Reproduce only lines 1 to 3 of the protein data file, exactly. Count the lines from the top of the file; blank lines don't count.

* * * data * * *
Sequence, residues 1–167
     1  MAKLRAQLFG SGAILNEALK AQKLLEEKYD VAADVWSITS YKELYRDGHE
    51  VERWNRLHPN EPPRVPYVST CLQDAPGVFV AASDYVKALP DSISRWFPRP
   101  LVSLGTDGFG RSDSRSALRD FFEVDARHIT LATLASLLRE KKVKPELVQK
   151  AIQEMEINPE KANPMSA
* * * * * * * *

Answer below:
Sequence, residues 1–167
     1  MAKLRAQLFG SGAILNEALK AQKLLEEKYD VAADVWSITS YKELYRDGHE
    51  VERWNRLHPN EPPRVPYVST CLQDAPGVFV AASDYVKALP DSISRWFPRP